Education researchers have studied the former questions for decades, and the latter is frequently a contentious point in local NYC politics. As we speak, local legislators are working to pass a bill ensuring smaller NYC class sizes. If passed, the difference in the classroom will be palpable. You’ve probably heard schools boast of small class sizes, or a low student-teacher ratio. Often, it’s assumed these promises ensure higher quality instruction and greater learning outcomes, but is that really true? And, what exactly is a small class size?
What’s a small NYC class size?
Small classes are exceedingly illusive. Perhaps unsurprisingly, most of us living in NYC have never been in a small “class.” Actually, in recent years, many students report being in exceptionally large classes. Officially, NYC class sizes in elementary schools are capped at 32 students, while middle and high school students are capped at 30 and 34, respectively. As you’ll come to find—that’s quite large. So what’s an average class-size?
Of course, the average class size varies by city greatly. The average NYC class size is approximately 27 students, 7 students more than the national average. Many education researchers consider a “typical” class size to be around 25 students, and a small class 15 students or less. So, for the sake of our discourse on small classes, we’ll assume a small class is a class of no more than 15 students.
Would small NYC class sizes make a big difference?
Undoubtedly, yes. In the STAR (Student Teacher Achievement Ratio) experiment, the holy-grail of class-size studies, students in smaller classes saw significantly greater educational gains than those in regular-sized classes. Students assigned to smaller classes experienced an average increase in their grade-level performance by roughly 5 percentile points. But how?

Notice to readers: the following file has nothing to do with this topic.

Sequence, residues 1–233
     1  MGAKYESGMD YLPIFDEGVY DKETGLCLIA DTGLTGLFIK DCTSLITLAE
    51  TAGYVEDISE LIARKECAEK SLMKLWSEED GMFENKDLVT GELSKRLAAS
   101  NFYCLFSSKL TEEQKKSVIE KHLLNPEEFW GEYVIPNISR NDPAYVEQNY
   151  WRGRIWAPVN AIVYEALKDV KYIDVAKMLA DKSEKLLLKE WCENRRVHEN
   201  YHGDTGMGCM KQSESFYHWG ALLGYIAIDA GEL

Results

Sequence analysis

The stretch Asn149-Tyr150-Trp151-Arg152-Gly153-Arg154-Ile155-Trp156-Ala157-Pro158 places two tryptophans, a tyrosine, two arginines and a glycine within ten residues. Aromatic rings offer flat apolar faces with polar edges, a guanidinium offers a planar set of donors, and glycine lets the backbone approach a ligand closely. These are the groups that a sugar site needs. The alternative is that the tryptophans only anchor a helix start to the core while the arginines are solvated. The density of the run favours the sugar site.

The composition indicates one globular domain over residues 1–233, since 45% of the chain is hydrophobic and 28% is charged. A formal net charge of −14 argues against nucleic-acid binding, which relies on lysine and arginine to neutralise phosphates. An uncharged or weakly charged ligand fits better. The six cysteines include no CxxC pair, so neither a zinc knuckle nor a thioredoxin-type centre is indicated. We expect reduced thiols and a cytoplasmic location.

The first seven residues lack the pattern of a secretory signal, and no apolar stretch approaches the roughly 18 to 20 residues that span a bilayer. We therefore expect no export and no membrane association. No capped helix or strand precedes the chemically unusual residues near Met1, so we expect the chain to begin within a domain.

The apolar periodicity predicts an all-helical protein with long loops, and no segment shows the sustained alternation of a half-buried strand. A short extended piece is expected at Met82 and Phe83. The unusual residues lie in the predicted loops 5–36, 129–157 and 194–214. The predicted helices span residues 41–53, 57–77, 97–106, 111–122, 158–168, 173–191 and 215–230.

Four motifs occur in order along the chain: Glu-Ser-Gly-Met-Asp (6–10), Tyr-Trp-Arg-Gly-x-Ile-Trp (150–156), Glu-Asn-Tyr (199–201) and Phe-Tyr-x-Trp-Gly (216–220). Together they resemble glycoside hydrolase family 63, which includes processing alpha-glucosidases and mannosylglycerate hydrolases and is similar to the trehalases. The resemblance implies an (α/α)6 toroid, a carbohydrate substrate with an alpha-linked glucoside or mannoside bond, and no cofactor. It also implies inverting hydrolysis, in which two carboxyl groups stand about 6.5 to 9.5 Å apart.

Well, first and foremost, with a smaller class, there’s a smaller range in levels of understanding amongst students. In simpler terms: students are more so on the same page in small classes. As a result, instructors can more easily meet the needs of the class. Class materials can be more closely tailored to the needs of individual students. For instance, instead of having to try and review 4 topics the class is struggling with, instructors may only need to cover 2-3. Over the course of one hour, that’s 20-30 minutes spent on each topic as opposed to 15 minutes.
No less, by having fewer students, instructors can invest more time with each of them. The same is true outside of the classroom, when assignments are being graded. With more time per assignment, instructors are able to provide longer, more meaningful feedback on tests and homework. Though seemingly small, this feedback is a key to greater comprehension students may not have had otherwise. Over the course of an entire school year, these small benefits add up to substantial learning games amongst students. But, it’s not just the instructors who act differently in smaller classes.
Kids in small classes demonstrate greater participation in-class and increased attentiveness. Perhaps it’s because they’re receiving more attention or experiencing more interaction, but regardless the result is a recipe for success. They’re likely experiencing more intimate socialization with classmates too, which could drive motivation to study as well. And with increased socialization comes more friends, which makes going to school that much better.
All in all, the jury is in: we all love the idea of smaller NYC class sizes and the sweet, sweet perks of a lower student-teacher ratio. The benefits are felt all around, teachers are less stressed, students are better supported, and parents are more confident in their child’s instruction. With greater learning gains, and all-around higher spirits, students are excited to go to school. But it remains to be seen how large NYC class sizes will be in coming years. Whatever the shakedown, you can rest assured we’ll keep you posted here.